1
\$\begingroup\$

A third party can upload files via FTP to a client's webserver. These images should be displayed on a public-available webpage. The upload directory is not accessible via normal HTTP. To increase security I thought it might be a good idea to re-create the images and store it in the web-folder manually.

The import format is always JPG. The function will return the new filename if the image could be created or null otherwise.

Is there any way to improve it? Especially all the "early returns" look kind of ugly.

function processImage($filename, $importPath, $storagePath, $quality = 80) {
    $source = $importPath . $filename . '.jpg';
    $target = $filename . '_processed.jpg';
    $storage = $storagePath . $target;

    if (!file_exists($source)) {
        return null;
    }

    $image = imagecreatefromstring(file_get_contents($source));

    if (!$image) {
        return null;
    }

    $dimension = [
        imagesx($image),
        imagesy($image)
    ];

    $newImage = imagecreatetruecolor($dimension[0], $dimension[1]);

    if (!$newImage) {
        return null;
    }

    if (!imagecopyresampled($newImage, $image, 0, 0, 0, 0, $dimension[0], $dimension[1], $dimension[0], $dimension[1])) {
        return null;
    }

    if (!imagejpeg($newImage, $storage, $quality)) {
        return null;
    }

    return $target;
}

PS: The filename is available without the extension .jpg as a string. In case you worry about the first line.

\$\endgroup\$
  • 3
    \$\begingroup\$ I do not see the 'early returns' ugly - if you make long if-else brancges, then it would be ugly. \$\endgroup\$ – TimSparrow Oct 10 '17 at 12:16
  • 1
    \$\begingroup\$ @Iwrestledabearonce. you can always search or post on security.stackexchange, but with my own familiarity with JS/JPEG polygots and security in general, exploiting such a vulnerability is difficult, and what the OP is doing most likely will remove any malicious code. You can probably get some good opinions on security, but like with all stack exchange sites, make sure you read the rules-of-conduct before posting there. \$\endgroup\$ – Conor Mancone Nov 9 '17 at 18:50
  • 1
    \$\begingroup\$ @Iwrestledabearonce. apologies if you felt I was being argumentative. I wasn't trying to avoid explaining or being argumentative: rather, this is a lot for a comment thread which is why I suggested opening a question on security. The reason why this would strip out malicious code doesn't have to do with meta data. The 'resampling' in imagecopyresampled will redraw the image: the resampling will effectively randomize the bits in the image, destroying any ascii data that is hiding in it. \$\endgroup\$ – Conor Mancone Nov 9 '17 at 20:11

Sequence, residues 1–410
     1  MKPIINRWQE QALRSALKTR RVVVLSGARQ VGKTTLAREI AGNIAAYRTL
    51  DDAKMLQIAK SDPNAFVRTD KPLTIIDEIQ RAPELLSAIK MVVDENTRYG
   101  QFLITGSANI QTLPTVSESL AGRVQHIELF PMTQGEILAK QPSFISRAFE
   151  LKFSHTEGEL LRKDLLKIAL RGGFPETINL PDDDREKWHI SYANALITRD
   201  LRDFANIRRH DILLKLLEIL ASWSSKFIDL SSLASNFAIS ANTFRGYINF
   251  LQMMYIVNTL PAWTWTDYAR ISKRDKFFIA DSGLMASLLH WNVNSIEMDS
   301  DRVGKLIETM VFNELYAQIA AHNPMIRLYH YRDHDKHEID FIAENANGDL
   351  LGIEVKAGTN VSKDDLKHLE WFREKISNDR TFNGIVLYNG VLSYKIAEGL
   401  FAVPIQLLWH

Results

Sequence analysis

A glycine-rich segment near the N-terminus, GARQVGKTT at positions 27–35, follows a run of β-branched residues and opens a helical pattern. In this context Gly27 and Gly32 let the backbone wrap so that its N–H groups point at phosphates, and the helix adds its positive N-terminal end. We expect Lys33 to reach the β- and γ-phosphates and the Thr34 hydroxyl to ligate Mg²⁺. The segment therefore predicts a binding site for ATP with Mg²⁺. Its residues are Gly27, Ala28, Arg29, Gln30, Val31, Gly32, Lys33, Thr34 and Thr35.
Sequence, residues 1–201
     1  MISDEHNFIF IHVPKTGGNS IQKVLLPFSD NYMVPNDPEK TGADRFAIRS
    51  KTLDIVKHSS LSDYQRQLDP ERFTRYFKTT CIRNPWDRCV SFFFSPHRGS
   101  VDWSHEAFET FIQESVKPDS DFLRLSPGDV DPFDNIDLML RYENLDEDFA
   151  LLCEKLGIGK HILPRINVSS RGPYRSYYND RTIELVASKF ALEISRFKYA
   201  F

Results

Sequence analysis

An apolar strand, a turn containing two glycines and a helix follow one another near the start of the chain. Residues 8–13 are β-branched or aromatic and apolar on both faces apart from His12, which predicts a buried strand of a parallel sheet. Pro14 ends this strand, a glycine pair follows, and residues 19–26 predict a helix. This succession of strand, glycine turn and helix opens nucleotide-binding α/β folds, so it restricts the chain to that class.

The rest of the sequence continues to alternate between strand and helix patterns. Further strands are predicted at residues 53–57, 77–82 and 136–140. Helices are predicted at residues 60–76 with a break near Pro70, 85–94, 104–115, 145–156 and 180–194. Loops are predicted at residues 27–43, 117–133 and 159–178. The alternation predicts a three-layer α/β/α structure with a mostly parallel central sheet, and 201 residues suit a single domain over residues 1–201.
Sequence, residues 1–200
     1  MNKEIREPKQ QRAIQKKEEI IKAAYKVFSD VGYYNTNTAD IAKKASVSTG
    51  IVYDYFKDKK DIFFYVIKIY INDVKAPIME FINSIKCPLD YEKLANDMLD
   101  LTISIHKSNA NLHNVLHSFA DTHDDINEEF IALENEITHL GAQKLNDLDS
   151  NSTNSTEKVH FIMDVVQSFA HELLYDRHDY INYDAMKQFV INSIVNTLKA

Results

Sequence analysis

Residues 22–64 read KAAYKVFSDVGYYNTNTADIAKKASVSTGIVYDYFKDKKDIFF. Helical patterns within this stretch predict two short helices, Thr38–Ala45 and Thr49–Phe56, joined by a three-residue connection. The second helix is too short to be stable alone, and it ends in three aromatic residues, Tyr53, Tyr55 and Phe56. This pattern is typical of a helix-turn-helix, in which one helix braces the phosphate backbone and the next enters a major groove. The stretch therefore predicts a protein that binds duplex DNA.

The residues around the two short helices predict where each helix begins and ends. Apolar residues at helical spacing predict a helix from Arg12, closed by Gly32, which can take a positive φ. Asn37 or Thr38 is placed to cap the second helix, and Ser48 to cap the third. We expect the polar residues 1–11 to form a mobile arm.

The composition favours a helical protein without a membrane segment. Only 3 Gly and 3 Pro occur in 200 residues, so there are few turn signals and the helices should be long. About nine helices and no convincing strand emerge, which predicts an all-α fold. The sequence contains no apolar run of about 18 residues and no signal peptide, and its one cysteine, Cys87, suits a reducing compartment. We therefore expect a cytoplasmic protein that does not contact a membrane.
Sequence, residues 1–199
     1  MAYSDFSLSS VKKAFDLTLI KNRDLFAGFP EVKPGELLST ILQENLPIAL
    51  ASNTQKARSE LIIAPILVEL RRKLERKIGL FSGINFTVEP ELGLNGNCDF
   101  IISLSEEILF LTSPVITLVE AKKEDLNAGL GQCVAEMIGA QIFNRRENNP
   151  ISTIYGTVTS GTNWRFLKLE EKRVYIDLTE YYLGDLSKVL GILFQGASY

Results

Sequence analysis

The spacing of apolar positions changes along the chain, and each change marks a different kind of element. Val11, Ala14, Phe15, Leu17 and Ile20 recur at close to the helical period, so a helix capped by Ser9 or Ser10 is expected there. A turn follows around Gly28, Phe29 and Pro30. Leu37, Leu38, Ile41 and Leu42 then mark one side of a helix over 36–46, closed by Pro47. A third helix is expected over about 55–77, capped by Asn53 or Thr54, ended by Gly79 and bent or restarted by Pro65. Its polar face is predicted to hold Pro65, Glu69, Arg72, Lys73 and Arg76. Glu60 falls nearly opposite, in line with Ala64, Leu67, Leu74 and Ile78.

• 2
    \$\begingroup\$ Also, the attack itself only works in limited circumstances: primarily (but maybe not exclusively), the image has to be loaded in a script tag, which is unusual, or takes additional effort to make happen. This limits the effectiveness of such an attack. Hosting a JPG file with malicious data embedded doesn't immediately pose a risk to anyone, except perhaps by giving an attacker a way to circumvent CSP protections if they find an XSS vulnerability. Again, security.stackexchange.com is a great place to discuss such a thing in detail. \$\endgroup\$ – Conor Mancone Nov 9 '17 at 20:12
  • 1
    \$\begingroup\$ @ConorMancone - thank you for clearing that up for me. no need to post on security, you were very concise with your explanation. +1 \$\endgroup\$ – I wrestled a bear once. Nov 9 '17 at 20:20
1
\$\begingroup\$

You may use this advice from stackexchange:

$im = imagecreatefrompng(input_filename)
imagejpeg($im, output_filename);

A call to imagecopyresample in your example is quite resource-consuming and can cause image quality loss. The call above is the same as 'open-save' in any graphical editor. I doubt that it leaves any malicious data intact, as imagejpeg re-compresses the raw image again.

Another option is to use exif_imagetype:

exif_imagetype() reads the first bytes of an image and checks its signature.

This prevents upload of non-graphical files masked as graphical, but does not eliminate a file that contains a jpeg signature, but is not jpeg.

\$\endgroup\$

Your Answer

By clicking “Post Your Answer”, you agree to our terms of service, privacy policy and cookie policy

Not the answer you're looking for? Browse other questions tagged or ask your own question.